South Sudan Needs UN Help. Will Trump’s Ambassador Lead the Way? // Council on Foreign Relations’ Kate Almquist Knopf: The magnitude of the war’s human cost now dwarfs nearly every other global conflict, with the exception of Syria.

Welcome to this Tuesday edition of The D Brief by Ben Watson and Bradley Peniston. #OTD404BC: Sparta triumphs over Athens in the Peloponnesian War. Got tips? Email us at the-d-brief@defenseone.com. (And if you’re reading this on our website, consider subscribing. It’s free.)


North Korea. Early on Tuesday, a U.S. guided missile sub put in to South Korea’s Busan for what officials called “a regularly scheduled port visit,” while further to the north, Pyongyang fired off a ton of artillery shells in an exercise that, if nothing else, reminds your D Briefers of what former Air Force chief Gen. Merrill McPeak has called “the world’s toughest military problem”: the thousands of artillery barrels dug into bunkers and pointed at Seoul. Stripes, here.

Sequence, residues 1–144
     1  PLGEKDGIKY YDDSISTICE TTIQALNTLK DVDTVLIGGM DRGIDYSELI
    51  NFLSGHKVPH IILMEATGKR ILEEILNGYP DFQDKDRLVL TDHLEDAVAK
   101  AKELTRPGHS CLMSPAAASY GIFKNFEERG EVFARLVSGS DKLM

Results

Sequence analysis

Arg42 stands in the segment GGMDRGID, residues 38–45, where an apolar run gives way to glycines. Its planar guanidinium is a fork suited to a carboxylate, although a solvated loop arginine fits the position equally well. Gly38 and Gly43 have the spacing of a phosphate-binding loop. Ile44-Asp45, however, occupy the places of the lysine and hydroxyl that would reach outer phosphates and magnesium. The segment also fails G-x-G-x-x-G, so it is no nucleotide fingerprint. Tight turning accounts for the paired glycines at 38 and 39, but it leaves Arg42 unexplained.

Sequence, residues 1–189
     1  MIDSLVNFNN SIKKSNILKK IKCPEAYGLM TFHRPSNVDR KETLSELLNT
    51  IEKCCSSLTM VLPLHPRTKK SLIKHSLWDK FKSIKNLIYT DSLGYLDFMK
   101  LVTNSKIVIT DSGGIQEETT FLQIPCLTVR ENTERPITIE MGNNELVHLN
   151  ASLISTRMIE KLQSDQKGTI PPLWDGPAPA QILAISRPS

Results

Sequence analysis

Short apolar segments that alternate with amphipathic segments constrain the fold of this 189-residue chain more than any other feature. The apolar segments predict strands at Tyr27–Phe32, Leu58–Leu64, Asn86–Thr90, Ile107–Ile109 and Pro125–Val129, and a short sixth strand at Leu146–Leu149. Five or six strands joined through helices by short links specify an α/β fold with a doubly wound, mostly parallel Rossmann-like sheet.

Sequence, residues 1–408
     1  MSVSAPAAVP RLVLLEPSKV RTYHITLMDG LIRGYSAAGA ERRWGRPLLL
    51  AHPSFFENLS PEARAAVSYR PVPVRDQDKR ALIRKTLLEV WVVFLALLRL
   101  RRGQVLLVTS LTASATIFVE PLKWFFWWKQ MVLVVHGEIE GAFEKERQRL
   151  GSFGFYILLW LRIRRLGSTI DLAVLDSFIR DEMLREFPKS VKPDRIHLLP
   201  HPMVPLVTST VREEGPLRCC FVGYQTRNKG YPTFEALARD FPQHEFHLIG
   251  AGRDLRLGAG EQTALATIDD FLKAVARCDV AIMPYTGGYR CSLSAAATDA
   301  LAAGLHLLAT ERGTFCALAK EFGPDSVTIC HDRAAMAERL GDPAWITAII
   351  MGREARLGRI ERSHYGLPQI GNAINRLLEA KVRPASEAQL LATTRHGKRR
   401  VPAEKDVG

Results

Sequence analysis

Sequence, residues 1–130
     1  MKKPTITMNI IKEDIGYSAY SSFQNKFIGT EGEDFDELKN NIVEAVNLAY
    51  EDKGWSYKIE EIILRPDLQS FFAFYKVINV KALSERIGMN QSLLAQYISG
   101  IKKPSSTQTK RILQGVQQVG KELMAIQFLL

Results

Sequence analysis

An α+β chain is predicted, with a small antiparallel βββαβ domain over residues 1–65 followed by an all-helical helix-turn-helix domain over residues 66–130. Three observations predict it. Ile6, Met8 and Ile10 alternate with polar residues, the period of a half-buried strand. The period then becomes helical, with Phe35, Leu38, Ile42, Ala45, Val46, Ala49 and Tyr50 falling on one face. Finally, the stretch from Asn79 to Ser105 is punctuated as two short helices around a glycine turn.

Meanwhile, in Washington, Donald Trump will host the entire Senate at 1600 Pennsylvania Avenue for a Wednesday briefing on the situation by Secretary of State Rex Tillerson, Defense Secretary James Mattis, Director of National Intelligence Dan Coats and Chairman of the Joint Chiefs of Staff Gen. Joseph Dunford. Washington Post: “The White House setting perplexed lawmakers who have grown accustomed to such briefings taking place in a secure location on Capitol Hill, where there is more room to handle such a large group.” More, here.